It was the kind of night June was made for,
a night worth twice its weight in syrup, lemon balm air
like a soft damp cloth wrung & wrung
by capable hands. It was a thick night you could eat
alive, a souped-up night of steam & ginger,
a night no one quite believed was real
except it was there & ripe for the picking,
cash crop of love under the butter moon.
The boys & girls slipped out of their skins,
took the dark lake like a sidelong glance,
parted the curtains of cedar wood as the firefly
meteor shower began. One boy on the shore
cupped a bug in his hands. It was cold light,
perfectly efficient. He showed it to the girl
dripping oil & water, how the bulb kept pulsing
but gave no heat. The night spread a rumor.
But the girl believed it. Her heart was a peach
in a bowl of bones. His heart was the stone
& he hunted for insects, spelling her name
in fire on the sand. He said look the moon’s
drawing water. Meaning: forecast. Meaning: rain
though she heard you are the halo, the weather,
the circle of cirrus conjuring change. Then the night
stepped out of its black chemise & lay its head
across their laps, the pale night shone
like a coin in a crack & they fell to their knees
to palm it. Night of fingers, night of tips,
shameless night that would not sleep, pastille
night she put under her tongue & sucked the sugar
till sugar was spit. Then he slipped it quickly
into his pocket & it balled up small, picked up
lint. It swallowed its pride & turned to a pebble,
then a piece of gravel, then a speck of grit.
(originally published in Puerto del Sol)
The big winters come in threes,
& so we are due.
Summer died last night. I was driving
fast down Cemetery Road—
my high-beams carved a white tunnel through the black,
swept the edge of the corn
with their x-ray fury, the corn
flashing by like a bamboo forest, so huge & leafy
I didn’t recognize it.
Home. No porch light:
forty degrees & dropping fast.
The gardens were uncovered & the coyotes
whooped it up, the cat out hunting, the dog out cold
but trembling now & then, whining in her sleep—
what kind of dreams will bring a dog to weep?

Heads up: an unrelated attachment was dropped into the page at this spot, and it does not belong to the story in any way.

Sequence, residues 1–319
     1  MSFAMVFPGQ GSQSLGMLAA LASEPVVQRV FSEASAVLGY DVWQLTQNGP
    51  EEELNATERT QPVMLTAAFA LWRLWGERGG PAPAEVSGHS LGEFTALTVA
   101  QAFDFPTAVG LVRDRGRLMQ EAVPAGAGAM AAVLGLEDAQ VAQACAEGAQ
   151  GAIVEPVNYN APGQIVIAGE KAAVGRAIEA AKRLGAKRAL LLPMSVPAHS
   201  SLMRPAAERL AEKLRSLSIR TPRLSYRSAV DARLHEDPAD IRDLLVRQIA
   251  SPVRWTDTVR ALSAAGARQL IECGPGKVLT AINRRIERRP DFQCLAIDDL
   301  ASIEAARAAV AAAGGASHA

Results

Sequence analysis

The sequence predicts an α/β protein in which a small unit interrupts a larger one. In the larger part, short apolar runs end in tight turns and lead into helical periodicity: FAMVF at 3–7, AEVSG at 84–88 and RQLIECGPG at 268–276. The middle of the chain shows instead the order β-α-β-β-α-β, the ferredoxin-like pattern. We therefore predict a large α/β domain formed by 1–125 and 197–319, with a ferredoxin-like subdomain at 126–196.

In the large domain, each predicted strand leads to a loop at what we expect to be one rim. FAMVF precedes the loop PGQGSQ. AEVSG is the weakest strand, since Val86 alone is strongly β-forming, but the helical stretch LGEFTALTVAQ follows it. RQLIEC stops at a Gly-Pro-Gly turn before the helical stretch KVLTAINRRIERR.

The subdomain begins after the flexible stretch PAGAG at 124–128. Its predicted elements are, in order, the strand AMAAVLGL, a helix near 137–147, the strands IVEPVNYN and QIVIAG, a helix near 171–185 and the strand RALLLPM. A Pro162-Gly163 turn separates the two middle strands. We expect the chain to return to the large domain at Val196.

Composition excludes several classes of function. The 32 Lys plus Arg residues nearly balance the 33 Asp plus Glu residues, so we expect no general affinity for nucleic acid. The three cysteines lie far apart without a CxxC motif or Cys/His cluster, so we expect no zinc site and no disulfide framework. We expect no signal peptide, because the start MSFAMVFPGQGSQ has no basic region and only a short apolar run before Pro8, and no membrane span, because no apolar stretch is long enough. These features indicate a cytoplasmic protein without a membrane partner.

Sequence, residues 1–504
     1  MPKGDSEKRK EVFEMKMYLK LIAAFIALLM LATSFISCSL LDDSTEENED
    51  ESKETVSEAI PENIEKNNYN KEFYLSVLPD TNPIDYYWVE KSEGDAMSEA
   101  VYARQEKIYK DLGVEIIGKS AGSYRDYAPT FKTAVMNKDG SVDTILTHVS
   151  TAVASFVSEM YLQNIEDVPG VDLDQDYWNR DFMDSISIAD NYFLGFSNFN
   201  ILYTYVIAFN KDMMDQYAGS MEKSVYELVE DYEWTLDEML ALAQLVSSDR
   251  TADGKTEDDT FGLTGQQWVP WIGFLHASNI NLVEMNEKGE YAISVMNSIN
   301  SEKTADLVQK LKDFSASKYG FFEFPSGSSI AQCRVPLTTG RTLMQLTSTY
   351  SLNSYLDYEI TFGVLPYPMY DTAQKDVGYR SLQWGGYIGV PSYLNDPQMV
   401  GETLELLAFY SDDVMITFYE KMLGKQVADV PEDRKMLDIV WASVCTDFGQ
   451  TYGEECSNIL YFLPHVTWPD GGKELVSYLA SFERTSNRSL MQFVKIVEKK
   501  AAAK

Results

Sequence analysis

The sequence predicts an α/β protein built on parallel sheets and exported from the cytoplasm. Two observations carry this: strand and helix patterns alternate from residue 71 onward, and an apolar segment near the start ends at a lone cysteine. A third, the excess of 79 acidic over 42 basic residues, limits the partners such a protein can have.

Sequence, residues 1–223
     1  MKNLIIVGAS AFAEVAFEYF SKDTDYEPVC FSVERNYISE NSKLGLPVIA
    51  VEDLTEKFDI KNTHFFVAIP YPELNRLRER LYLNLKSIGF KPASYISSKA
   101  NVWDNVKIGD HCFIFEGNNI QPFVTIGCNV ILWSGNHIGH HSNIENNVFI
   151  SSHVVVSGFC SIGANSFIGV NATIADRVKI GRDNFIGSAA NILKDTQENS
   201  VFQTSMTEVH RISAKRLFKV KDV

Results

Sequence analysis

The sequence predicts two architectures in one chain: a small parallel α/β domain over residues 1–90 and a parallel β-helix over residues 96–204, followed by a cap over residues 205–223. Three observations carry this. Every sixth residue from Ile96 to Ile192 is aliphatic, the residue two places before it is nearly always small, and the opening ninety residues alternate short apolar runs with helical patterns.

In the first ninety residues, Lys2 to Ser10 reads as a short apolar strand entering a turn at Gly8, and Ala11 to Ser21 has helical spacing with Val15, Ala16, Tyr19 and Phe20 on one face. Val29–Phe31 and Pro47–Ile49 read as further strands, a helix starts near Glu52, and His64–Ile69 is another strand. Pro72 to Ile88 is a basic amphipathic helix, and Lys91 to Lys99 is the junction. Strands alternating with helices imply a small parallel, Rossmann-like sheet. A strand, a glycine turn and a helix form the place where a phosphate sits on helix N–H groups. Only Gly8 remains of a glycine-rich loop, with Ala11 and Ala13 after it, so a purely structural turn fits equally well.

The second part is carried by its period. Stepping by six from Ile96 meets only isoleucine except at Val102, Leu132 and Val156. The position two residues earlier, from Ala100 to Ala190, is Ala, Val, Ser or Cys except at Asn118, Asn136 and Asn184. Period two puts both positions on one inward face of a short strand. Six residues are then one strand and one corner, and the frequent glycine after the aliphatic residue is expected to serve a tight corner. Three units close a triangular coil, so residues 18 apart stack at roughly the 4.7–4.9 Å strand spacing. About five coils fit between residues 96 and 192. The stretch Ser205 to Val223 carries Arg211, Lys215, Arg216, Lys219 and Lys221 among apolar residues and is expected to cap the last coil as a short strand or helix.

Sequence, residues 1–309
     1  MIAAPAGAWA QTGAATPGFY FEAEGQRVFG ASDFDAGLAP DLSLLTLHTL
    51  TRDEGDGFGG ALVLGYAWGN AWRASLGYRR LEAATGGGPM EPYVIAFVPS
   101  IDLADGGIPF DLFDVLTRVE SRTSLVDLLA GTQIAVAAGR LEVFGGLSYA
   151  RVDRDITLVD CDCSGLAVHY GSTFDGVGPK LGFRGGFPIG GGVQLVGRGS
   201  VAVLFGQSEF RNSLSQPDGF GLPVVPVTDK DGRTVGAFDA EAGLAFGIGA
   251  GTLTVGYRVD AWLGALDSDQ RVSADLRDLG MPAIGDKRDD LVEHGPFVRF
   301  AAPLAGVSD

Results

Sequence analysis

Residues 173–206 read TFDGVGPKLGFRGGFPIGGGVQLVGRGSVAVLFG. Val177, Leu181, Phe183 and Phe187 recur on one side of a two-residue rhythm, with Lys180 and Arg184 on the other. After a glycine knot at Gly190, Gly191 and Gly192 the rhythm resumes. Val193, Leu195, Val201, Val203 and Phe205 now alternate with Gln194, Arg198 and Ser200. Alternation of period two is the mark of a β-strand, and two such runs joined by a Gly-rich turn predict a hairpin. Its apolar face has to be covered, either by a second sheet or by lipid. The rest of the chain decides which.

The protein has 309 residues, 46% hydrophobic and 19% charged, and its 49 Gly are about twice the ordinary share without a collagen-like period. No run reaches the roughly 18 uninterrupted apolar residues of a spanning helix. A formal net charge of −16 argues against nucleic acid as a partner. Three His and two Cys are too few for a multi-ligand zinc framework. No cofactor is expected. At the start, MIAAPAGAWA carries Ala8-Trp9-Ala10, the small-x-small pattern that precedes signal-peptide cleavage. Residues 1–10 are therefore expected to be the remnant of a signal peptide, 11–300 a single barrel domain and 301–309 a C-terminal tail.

I wanted to be the kind of woman
who always has a bag packed, a small bag
with underwear & potions
ready for the road at any moment.
I planned to follow my life
like a divining rod, & where it dipped
I’d stop for awhile. Dig for water, drink.
How could I know that a stick would root me
here, at the crossroads of dust & corn,
here in the boreal forest of change, the winter
coming on like a freight train roaring,
pulling its rattling months of cold?
And me on the dark road, parallel to the tracks,
racing that engine to the river.
Wasn’t I beautiful, wasn’t I desperate,
didn’t I give a shit about world peace, inner peace,
only wanting it, wanting it, secret graffiti
spelled out in lip gloss on the locker-room wall?
The new underwire bit into my ribs, pushed
me up and I caught the mirror, wanted it, cocked a hip,
wanted it— front seat, back seat,
down on the floor, brag of bruises
blooming like plums on my neck, tender,
bad and legitimate. I wanted
to ditch it, wanted to drive, alone
in the car for the first time, silence, such
concentration my hands tongued the wheel. I could see
the brush-stroke of each yellow line, could feel
my tires crush pieces of gravel, and my ten toes
alive inside my shoes, firm and quick
on the pedals. There was an orange
lodged underneath the clutch. Squeeze it and shift,
squeeze it and there. Those boys
who juiced the halls with slouch
and threw their bodies around the field— they watched
when I punched it to second, third, burned my tracks
along the high school tar. They looked at me
as if I could kill them. They wanted to kill me
back against a locker. I could feel
my body jammed up on metal, my skin
in ridges where the grates dug in,
my skirt hiked up, my muscles like fish,
my third eye watching from the outside in.
I was some other girl.
I was anyone’s candy.